In response to a request from Congress to study the impact of shale oil and gas development on transportation infrastructure and safety, the Government Accounting Office (GAO) recently published a report commenting on these developments and focusing on DOT’s response to address safety risks posed by rail and pipeline transportation. The report concludes that while DOT is addressing increased risks posed by rail, the Agency should proceed with a rulemaking to address the risks posed by new gathering pipelines in shale development areas.
By way of background, rapid oil and gas production has prompted increased pipeline infrastructure projects, particularly with respect to gathering pipelines that bring sources from the wellhead to refineries for processing, or to transmission lines for further transportation. Recent expansion in pipeline infrastructure has not kept pace with increased domestic oil and gas production, however. Limited pipeline capacity has resulted in increased use of other modes of transportation such as rail, truck and barge. The GAO report cites to Energy Information Administration data which indicates that refinery receipts of domestic crude by rail increased by 750% from 2008 to 2012, due to increases in production in North Dakota, Texas and other states which have exceeded the capacity of existing pipelines to move oil from production areas to refineries (reliance on truck has increased by 90% and barge by 200%).
While noting that rail incidents have increased significantly since 2008, GAO did not make any rail-specific safety recommendations because it found that DOT is addressing those risks through recent emergency orders and proposed rulemakings (regarding tank cars and spill response). In contrast, GAO found that DOT has not fully addressed the safety risks from expansion of federally unregulated gathering pipelines. The report notes that while DOT has acknowledged the growing potential risk associated with these pipelines, it has not proposed regulatory changes. Historically, gathering pipelines were characterized by small diameter pipelines, operated a lower pressures, through rural areas, but some newly constructed gathering pipelines closely resemble transmission pipelines in that they have larger diameters, operate at higher pressures, and may be located in or near populated areas. With these changes, GAO cites an increased safety risk to the public as well as concerns about the preparedness of emergency responders to address a major incident on unregulated gathering pipelines.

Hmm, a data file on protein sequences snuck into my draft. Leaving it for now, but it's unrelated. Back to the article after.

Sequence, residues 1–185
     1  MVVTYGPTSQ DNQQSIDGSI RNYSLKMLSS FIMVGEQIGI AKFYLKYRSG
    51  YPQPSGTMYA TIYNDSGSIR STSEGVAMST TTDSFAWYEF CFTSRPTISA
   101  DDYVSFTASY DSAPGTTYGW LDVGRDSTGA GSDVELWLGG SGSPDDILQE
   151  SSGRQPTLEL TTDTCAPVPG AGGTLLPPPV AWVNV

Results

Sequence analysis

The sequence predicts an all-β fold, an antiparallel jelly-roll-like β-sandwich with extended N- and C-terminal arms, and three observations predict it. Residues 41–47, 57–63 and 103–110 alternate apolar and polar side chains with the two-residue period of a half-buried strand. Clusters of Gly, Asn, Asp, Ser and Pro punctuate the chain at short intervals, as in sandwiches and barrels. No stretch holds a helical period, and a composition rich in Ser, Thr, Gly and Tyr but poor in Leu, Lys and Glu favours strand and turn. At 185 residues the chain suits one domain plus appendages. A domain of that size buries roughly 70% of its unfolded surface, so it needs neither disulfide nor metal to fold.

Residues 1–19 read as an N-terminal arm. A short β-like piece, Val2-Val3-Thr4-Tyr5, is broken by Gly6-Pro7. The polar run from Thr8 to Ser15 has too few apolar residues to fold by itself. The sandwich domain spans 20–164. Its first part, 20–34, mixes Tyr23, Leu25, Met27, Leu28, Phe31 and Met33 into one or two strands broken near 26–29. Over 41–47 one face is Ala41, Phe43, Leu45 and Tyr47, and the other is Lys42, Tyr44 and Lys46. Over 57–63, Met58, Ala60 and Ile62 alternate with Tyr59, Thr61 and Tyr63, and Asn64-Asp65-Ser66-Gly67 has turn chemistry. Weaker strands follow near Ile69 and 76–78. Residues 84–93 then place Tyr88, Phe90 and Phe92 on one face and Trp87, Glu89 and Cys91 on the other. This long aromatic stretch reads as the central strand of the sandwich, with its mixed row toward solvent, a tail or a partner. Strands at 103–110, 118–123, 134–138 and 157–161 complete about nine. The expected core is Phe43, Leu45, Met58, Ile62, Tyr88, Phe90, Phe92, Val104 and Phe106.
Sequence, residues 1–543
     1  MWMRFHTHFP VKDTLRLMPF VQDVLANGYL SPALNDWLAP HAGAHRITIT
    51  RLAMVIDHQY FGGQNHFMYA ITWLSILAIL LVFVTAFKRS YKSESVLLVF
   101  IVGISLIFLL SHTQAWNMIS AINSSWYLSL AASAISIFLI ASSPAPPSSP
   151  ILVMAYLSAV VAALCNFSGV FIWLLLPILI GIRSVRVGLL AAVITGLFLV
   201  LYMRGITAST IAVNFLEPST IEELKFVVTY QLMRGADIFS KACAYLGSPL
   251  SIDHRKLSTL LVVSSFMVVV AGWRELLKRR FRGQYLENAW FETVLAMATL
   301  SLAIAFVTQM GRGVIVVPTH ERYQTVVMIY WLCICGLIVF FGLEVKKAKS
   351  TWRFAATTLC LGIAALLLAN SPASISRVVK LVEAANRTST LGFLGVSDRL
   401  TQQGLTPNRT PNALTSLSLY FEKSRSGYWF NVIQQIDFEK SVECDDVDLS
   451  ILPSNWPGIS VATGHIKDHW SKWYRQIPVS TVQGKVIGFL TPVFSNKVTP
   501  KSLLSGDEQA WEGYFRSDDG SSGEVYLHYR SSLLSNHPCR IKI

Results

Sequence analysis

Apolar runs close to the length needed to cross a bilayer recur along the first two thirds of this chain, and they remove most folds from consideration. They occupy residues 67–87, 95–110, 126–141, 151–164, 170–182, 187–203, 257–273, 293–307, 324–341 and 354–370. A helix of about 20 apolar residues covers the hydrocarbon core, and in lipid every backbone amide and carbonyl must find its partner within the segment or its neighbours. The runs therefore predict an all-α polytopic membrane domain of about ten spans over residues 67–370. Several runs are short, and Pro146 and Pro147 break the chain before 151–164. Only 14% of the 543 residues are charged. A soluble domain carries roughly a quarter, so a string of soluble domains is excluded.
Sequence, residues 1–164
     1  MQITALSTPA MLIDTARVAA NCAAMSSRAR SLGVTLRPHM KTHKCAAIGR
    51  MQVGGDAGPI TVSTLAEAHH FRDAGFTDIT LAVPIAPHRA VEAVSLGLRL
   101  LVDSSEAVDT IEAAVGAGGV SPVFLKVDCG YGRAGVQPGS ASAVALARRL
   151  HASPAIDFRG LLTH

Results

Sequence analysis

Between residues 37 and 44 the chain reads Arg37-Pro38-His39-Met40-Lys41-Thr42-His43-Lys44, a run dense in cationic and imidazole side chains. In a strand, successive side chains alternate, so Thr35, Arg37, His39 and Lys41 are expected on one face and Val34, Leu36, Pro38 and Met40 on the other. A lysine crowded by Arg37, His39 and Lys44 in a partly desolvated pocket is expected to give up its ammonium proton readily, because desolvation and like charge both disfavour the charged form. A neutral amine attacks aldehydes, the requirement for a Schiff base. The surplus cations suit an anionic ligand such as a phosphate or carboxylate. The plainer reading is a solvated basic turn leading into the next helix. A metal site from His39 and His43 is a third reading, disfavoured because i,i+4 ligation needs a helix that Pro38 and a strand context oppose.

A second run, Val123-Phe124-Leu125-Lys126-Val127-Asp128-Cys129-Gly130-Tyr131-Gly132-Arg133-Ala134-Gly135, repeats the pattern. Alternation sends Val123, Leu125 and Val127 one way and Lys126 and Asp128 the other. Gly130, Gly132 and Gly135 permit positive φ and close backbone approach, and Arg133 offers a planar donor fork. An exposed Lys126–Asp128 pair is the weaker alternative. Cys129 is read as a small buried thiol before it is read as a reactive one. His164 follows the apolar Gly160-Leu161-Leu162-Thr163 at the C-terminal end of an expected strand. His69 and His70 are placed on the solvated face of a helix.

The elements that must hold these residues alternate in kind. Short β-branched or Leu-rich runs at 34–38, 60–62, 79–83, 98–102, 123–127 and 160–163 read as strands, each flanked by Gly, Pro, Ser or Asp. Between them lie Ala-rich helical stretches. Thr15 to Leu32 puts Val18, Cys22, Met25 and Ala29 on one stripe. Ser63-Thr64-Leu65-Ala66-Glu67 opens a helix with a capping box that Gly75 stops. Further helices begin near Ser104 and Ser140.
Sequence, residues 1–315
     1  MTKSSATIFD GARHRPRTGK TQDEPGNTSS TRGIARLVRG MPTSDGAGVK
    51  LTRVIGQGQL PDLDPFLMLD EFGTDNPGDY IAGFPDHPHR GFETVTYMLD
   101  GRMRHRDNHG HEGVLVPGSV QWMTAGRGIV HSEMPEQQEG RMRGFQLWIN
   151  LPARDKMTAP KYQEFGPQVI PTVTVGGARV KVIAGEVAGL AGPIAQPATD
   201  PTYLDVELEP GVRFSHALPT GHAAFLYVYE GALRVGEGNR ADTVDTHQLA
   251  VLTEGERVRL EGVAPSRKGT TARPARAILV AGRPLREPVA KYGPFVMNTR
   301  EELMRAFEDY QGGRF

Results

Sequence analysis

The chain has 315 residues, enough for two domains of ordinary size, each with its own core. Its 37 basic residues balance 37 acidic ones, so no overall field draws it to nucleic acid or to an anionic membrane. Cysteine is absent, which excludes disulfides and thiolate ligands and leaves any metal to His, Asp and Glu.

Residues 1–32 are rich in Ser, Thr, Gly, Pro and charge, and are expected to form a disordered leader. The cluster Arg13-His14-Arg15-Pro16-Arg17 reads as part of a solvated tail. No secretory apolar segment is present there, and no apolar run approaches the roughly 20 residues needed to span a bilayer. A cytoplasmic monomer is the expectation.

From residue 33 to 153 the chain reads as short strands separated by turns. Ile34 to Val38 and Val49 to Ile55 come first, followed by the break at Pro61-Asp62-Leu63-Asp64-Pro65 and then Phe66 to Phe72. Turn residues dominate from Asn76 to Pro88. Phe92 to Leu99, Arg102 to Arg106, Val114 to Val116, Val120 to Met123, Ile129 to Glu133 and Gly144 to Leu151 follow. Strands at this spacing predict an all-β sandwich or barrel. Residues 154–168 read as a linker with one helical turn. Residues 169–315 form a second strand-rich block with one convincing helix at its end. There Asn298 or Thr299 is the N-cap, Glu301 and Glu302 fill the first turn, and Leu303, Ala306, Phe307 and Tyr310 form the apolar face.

The report concludes with GAO’s recommendation to DOT and PHMSA to proceed with a rulemaking to address the risks of large-diameter, higher pressure gathering pipelines, including subjecting them to emergency response planning requirements. In response, DOT generally agreed with GAO and confirmed that it is developing rulemakings to revise pipeline safety regulations with respect to gathering lines. Specifically, PHMSA indicated that it has drafted proposed regulations for both gas and hazardous liquid gathering pipelines, and that the gas rule is being reviewed internally and the oil rule is being reviewed by the Office of Management and Budget. Further, the Agency indicated that it has studied existing regulations to identify where gathering pipelines are regulated and where gaps remain. This report, required by Congress in the Pipeline Safety Act 2011 reauthorization to be submitted by January 2014, has not yet been published.
In light of the above, it remains to be seen how far PHMSA will extend its regulations to currently unregulated oil and gas gathering pipelines. In the absence of regulation, some states have been active in this area, passing laws to regulate rural gathering lines. At the very least, we expect that federal regulation of rural gathering lines will be a topic in next year’s Pipeline Safety Act reauthorization proceedings.